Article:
WILLIAMSBURG, May 25, 1775.
At a meeting ot the WILLIAMSBURG VOLUNTEER COMPANY, held the 25th day of May 1775. Resolved, that every member in this company oblige themselves, by the ties of honour and duty to their country, to march, on the smallest warning, to any part of the continent, where the general cause of American liberty may demand their attendance, provided that they do not by such a step leave their own country in a defenceless state. Resolved, that it is the opinion of this company, that landing of any foreign troops in this country will be, at the present critical juncture of affairs, a most dangerous attack on the liberties of this country; and that this company will, therefore, keep the most watchful eye on any movement from this quarter, that they will consult their fellow countrymen in the different parts of this province on that head, and, should they find an unanimity of sentiment to prevail throughout this country respecting that particular, they are determined, with the aid and assistance of their fellow subjects, to resist all such arbitrary measures, at the expence of life and fortune. JOHN BROWN, clerk.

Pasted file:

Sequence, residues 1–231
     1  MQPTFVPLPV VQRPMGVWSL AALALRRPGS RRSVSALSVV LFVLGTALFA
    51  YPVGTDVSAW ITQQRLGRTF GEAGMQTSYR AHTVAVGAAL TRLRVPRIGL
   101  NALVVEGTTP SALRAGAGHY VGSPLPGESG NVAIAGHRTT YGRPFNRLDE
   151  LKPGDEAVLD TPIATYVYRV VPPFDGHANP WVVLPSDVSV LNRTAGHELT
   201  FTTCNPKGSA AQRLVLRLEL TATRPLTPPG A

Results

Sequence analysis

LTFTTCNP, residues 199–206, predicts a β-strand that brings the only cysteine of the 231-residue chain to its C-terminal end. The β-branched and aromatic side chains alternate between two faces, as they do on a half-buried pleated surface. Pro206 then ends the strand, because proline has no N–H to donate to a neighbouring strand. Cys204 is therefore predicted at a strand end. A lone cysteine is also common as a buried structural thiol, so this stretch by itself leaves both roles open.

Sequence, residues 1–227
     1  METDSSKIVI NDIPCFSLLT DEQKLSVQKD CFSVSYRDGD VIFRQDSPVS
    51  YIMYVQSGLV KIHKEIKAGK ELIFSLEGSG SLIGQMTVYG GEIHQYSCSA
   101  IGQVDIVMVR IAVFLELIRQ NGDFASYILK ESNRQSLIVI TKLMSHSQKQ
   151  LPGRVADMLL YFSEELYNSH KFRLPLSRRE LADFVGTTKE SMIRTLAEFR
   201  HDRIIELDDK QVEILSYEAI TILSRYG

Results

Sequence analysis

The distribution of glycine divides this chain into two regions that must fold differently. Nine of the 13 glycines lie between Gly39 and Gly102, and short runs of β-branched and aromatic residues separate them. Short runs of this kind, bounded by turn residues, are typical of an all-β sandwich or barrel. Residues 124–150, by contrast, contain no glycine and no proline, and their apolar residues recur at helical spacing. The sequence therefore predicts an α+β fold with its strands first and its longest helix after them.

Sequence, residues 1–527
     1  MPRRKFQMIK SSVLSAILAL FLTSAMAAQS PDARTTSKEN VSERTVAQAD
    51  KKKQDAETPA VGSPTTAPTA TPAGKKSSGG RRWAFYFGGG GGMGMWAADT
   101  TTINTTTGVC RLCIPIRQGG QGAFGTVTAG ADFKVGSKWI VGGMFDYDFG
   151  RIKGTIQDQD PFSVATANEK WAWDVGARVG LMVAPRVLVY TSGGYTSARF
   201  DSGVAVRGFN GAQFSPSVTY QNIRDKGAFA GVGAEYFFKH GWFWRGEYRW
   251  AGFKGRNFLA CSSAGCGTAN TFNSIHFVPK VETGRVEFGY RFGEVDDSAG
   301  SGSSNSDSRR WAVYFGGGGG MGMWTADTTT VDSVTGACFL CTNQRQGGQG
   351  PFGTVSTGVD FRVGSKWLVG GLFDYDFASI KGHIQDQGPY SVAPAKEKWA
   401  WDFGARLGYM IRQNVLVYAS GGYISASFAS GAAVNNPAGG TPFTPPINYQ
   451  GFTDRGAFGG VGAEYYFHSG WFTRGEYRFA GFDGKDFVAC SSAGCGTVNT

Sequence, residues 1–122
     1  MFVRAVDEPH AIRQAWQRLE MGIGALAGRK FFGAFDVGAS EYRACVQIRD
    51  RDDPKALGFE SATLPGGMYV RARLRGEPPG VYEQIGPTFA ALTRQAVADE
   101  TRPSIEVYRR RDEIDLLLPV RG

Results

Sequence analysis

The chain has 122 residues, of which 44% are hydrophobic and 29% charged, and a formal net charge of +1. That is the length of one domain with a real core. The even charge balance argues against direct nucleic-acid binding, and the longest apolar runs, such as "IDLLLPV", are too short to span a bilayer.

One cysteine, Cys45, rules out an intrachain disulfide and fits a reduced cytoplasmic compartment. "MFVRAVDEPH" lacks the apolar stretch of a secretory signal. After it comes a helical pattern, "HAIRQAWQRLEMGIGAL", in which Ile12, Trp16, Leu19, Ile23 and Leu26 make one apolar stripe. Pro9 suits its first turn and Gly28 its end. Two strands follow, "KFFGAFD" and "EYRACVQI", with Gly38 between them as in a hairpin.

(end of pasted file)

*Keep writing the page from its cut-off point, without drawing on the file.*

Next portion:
Virginia Gazette (Pinkney) May 25, 1775
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Volunteer or independent companies were forming in various communities in Virginia. They were militia bands, not regular troops. In August 1775, the Virginia Convention, the ruling governmental unit, decided to raise regular troops and to disband these independent volunteers.
Sources: White, Independent Companies